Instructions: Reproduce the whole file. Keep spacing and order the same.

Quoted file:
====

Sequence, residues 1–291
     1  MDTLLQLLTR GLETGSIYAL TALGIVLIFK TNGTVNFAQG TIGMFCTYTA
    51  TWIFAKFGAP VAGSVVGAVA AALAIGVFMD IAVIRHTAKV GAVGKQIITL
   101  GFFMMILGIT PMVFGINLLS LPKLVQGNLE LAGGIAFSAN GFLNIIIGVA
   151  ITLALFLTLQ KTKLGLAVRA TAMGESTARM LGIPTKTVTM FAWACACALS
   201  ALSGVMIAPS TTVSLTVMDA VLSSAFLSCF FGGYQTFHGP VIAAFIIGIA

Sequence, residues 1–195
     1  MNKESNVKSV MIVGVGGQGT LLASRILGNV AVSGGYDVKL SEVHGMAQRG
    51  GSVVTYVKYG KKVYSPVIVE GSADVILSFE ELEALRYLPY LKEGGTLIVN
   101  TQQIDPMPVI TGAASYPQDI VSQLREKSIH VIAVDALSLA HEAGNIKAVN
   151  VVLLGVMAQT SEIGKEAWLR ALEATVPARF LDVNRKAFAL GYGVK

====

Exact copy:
Sequence, residues 1–291
     1  MDTLLQLLTR GLETGSIYAL TALGIVLIFK TNGTVNFAQG TIGMFCTYTA
    51  TWIFAKFGAP VAGSVVGAVA AALAIGVFMD IAVIRHTAKV GAVGKQIITL
   101  GFFMMILGIT PMVFGINLLS LPKLVQGNLE LAGGIAFSAN GFLNIIIGVA
   151  ITLALFLTLQ KTKLGLAVRA TAMGESTARM LGIPTKTVTM FAWACACALS
   201  ALSGVMIAPS TTVSLTVMDA VLSSAFLSCF FGGYQTFHGP VIAAFIIGIA

Sequence, residues 1–195
     1  MNKESNVKSV MIVGVGGQGT LLASRILGNV AVSGGYDVKL SEVHGMAQRG
    51  GSVVTYVKYG KKVYSPVIVE GSADVILSFE ELEALRYLPY LKEGGTLIVN
   101  TQQIDPMPVI TGAASYPQDI VSQLREKSIH VIAVDALSLA HEAGNIKAVN
   151  VVLLGVMAQT SEIGKEAWLR ALEATVPARF LDVNRKAFAL GYGVK